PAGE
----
Great First Paragraph(s)

Here are two EXCEPTIONAL novel intros that immediately hooked me. Please let me know what you think in the comments. What are your favorite first chapters? 

The Martian by Andy Weir

The_Martian_2014Chapter 1

Log Entry: Sol 6

I’m pretty much fucked.

That’s my considered opinion.


Six days in to what should be the greatest two months of my life, and it’s turned in to a nightmare.

I don’t even know who’ll read this. I guess someone will find it eventually. Maybe a hundred years from now.

For the record…I didn’t die on Sol 6. Certainly the rest of the crew thought I did, and I can’t blame them. Maybe there’ll be a day of national mourning for me, and my Wikipedia page will say “Mark Watney is the only human being to have died on Mars.”

And it’ll be right, probably. Cause I’ll surely die here. Just not on Sol 6 when everyone thinks I did.

This intro does so many great things:

Bold use of “fuck” in the first sentence. A sure way to gain the attention of your reader.

It quickly explains the situation. Our main character is alone on Mars after some kind of accident.

It sets the mood. Dangerous. Life-threatening. Unhopeful.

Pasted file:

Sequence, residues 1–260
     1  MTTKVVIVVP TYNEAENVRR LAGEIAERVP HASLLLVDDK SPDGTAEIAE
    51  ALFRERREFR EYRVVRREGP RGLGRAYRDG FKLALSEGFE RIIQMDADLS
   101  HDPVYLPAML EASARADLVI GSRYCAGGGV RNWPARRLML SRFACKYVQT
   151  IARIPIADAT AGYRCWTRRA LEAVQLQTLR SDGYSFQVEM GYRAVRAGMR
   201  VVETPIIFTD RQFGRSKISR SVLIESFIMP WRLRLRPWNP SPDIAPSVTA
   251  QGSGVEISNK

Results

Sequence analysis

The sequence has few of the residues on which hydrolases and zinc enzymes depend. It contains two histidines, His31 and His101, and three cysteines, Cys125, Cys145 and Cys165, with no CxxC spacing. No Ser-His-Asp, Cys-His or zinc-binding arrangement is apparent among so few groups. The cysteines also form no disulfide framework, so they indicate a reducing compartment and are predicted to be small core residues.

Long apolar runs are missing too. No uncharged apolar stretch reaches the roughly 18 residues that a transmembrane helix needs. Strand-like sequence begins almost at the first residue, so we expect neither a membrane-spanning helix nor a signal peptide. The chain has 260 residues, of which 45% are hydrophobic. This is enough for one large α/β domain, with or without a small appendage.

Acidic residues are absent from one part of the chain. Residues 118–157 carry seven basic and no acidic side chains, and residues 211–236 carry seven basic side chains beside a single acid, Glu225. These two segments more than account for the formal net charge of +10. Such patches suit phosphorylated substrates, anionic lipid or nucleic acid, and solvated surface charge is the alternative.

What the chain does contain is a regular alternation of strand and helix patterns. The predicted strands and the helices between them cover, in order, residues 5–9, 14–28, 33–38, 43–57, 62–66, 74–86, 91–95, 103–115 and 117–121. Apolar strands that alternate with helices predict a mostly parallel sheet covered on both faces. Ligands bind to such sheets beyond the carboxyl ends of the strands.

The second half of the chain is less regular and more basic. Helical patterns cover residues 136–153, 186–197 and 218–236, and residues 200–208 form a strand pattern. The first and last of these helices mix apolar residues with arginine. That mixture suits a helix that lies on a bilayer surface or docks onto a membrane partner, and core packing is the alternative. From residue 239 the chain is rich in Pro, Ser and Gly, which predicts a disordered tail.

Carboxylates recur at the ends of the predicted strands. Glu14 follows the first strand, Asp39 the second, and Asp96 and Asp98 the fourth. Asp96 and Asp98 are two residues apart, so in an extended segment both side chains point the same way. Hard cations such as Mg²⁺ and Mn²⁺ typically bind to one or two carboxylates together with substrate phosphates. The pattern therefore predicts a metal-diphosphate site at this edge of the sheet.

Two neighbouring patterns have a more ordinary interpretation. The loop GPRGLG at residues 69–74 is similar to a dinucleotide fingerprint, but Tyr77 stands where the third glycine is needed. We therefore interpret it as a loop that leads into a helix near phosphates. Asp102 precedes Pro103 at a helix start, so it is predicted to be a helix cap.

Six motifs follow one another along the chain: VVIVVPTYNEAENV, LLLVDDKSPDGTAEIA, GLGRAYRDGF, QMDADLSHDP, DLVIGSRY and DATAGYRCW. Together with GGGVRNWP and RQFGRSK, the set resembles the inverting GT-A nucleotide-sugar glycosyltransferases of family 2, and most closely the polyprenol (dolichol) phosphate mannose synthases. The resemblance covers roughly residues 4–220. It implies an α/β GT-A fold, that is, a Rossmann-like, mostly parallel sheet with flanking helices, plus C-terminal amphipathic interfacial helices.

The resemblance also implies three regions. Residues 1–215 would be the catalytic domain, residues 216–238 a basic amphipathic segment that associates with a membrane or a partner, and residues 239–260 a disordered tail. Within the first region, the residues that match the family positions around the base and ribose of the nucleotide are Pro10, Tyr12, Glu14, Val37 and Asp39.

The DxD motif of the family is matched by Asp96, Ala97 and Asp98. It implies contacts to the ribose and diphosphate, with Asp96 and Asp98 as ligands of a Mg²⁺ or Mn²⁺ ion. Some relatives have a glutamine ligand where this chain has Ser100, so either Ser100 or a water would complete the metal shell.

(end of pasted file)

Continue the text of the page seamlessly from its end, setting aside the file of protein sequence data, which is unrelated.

It develops character. An astronaut. A survivor.

It sets the tone of casual, journal entry format. Fragment sentences and the use of “cause” instead of “because.”

Its develops setting. On Mars, obviously. And the Wikipedia reference sets us in recent time.

If this genre in any way interests you, I don’t know why you wouldn’t want to pick up this book!


The Zoo by James Patterson

Book 1, Chapter 1zoo

I woke up shaking.

I panicked at first, thinking I was having a stroke or something. Then I opened my eyes, relieved, as I remembered it wasn’t me that was shaking, it was my apartment.

Outside the wall of dusty, industrial-style windows beside my bed came what sounded like a regiment of giants rhythmically striking concrete with their rifle butts in a parade drill. But it wasn’t the jolly green marines. I knew it was the elevated number 1 Broadway local, rattling to shake the dead back to life next to my  new fifth floor Harlem loft apartment. Hadn’t gotten use to that train yet.

I winced, covered my head with my pillow. Useless. Only in New York did one have to actually pay for the privilege of sleeping beside an overpass.

But I was so broke I couldn’t even afford to complain. I sat up. I couldn’t even really afford to sleep. I couldn’t even afford to think about money. I’d spent it all and then some; my credit was in the sewer. By that point, I was in  tunnel-vision mode, focusing my entire life on one desperate need: to figure things out before it was too late.

(False) shock to hook the reader. The world is shaking!

Character- building. A broke New Yorker with something to prove.

What is the first thing you think of when you wake up? Whatever it is, it will tell us a lot about your current life situation. The same is true for fictional characters, and Patterson gives us that before we even know our character’s name.